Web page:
(4) in-place informers and infiltrators were used to splinter the internal cohesion of the guerrilla groups and ongoing offensive counterinsurgency operations coupled with psychological warfare were undertaken to destroy guerrilla units and leadership;
(5) operational zones were reconstructed economically, socially, and politically under the auspices of US aid programmes. 67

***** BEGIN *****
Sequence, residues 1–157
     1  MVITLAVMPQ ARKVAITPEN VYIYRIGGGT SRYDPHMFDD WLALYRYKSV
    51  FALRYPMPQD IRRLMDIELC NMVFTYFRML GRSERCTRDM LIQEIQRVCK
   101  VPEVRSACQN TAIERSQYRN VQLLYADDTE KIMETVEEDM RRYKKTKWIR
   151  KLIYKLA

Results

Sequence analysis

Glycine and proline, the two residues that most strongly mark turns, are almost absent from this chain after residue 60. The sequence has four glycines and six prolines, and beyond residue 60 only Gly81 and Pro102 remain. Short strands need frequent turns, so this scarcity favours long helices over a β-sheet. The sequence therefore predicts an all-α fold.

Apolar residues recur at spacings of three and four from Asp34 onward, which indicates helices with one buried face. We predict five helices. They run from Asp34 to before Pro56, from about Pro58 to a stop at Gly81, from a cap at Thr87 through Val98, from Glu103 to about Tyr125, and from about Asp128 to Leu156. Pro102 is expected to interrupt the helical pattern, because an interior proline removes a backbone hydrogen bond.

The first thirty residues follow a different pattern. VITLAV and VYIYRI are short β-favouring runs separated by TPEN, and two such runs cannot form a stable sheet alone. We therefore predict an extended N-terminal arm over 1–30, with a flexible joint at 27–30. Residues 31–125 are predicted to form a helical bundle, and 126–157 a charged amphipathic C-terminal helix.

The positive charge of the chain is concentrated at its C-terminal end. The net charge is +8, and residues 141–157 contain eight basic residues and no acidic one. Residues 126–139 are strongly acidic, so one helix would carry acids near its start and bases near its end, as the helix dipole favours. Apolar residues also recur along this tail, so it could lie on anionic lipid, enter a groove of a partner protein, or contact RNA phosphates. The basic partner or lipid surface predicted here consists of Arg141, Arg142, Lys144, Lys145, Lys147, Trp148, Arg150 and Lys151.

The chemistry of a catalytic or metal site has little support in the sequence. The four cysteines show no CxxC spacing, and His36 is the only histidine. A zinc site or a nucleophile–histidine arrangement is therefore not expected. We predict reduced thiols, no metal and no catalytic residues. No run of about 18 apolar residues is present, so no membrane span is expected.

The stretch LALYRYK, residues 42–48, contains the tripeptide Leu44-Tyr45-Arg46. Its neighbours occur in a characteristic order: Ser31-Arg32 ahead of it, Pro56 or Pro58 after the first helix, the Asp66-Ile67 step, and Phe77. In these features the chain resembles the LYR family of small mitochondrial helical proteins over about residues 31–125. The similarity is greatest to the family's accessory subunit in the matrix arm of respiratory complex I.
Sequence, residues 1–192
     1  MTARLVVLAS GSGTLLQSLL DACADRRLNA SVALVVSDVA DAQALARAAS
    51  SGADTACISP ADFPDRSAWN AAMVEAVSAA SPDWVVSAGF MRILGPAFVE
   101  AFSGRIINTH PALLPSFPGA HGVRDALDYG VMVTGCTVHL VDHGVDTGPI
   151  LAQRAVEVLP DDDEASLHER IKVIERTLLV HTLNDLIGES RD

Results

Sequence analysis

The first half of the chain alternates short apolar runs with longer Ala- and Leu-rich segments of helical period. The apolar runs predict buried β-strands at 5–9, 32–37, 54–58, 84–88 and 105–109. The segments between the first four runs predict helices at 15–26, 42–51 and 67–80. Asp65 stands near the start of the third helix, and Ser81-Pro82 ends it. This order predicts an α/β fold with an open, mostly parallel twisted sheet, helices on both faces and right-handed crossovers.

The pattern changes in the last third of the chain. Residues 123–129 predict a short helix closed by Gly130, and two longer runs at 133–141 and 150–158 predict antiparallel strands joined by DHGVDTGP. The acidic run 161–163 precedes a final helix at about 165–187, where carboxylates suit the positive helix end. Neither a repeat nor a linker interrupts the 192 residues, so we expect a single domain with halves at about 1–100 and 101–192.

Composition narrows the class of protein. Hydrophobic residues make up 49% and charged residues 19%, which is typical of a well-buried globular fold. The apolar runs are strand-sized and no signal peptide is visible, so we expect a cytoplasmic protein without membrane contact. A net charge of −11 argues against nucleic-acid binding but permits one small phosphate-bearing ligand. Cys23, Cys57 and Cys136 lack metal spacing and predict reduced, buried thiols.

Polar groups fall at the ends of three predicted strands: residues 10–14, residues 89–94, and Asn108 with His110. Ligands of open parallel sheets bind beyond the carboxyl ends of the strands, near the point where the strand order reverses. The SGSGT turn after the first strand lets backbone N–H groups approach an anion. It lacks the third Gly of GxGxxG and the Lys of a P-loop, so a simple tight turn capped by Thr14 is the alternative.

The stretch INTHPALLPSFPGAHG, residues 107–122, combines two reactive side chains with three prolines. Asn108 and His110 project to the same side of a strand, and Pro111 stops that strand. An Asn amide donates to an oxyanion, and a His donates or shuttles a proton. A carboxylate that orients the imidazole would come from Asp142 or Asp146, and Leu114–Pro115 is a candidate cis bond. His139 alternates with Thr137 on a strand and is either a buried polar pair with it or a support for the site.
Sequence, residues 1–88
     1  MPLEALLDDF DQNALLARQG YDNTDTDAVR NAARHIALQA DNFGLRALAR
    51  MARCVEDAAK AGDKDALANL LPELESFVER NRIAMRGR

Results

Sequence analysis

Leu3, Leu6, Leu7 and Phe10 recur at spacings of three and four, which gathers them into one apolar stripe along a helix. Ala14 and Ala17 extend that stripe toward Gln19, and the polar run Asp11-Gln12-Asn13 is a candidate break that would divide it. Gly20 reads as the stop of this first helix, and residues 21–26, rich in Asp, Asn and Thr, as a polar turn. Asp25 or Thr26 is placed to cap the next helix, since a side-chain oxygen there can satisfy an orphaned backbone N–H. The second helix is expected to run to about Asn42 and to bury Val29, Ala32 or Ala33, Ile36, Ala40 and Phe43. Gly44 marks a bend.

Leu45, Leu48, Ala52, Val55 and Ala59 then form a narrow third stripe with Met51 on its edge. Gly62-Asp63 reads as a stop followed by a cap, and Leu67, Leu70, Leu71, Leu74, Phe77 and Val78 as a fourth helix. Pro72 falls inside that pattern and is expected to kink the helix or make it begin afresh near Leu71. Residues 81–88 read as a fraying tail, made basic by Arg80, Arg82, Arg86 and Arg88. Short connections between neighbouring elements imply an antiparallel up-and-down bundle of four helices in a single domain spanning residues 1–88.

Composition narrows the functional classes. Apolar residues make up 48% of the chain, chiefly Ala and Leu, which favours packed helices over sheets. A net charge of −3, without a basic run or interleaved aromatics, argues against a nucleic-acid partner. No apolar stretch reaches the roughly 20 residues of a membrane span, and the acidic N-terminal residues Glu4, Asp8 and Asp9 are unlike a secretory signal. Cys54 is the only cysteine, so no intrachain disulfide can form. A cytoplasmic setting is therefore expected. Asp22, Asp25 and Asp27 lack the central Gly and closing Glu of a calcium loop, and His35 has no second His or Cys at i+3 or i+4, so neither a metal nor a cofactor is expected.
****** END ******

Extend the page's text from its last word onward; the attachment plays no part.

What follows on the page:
For Colombian security forces, 1964-65 were pivotal years in the struggle against the enclaves. On 18 May 1964 the Valencia government launched Operation 'Marquetalia' against Marulanda's guerrilla forces. A combined arms approach was used including heavy artillery, bombing by the air force, and infantry and police encirclement of suspected guerrilla villages. 68 Some 3,500 men swept through designated combat zones while 170 elite troops were airlifted into Marulanda's hacienda redoubt in an attempt to trap the guerrilla leader. 69 Paez Indians had been recruited and were used with notable success against the guerrillas as scouts and guides through difficult terrain. 70 Most of the guerrillas, including Marulanda, were driven out of the Marquetalia area, escaping the army cordon into the neighbouring 'republic' of Rio Chiquito. On 20 July 1964 Marulanda and other guerrilla leaders from the Tolima-Cauca-Huila border areas met in the First Southern Guerrilla Conference. Declaring themselves 'victims of the policy of fire and sword proclaimed and carried out by the oligarchic usurpers of power'. the new coalition called for 'armed revolutionary struggle to win power'. 71 Composed originally of both communist and non-communist bandit and irregular forces, this southern guerrilla bloc, with some financial and political aid from the PCC, consolidated its command into the unified group which became known as the Fuerzas Armadas Revolucionarias de Colombia (Colombian Revolutionary Armed Forces or FARC). 72 Still, by 1965, relentless anti-guerrilla campaigns by Colombia's security forces ended the existence of the so-called independent republics. Coupled with ongoing anti-bandit operations, significant progress was made in suppressing rural violence after the inception of Plan LAZO. In June 1965 Colombian Army Intelligence listed 30 guerrilla-bandit gangs with a combined strength of some 700-800 men as still active: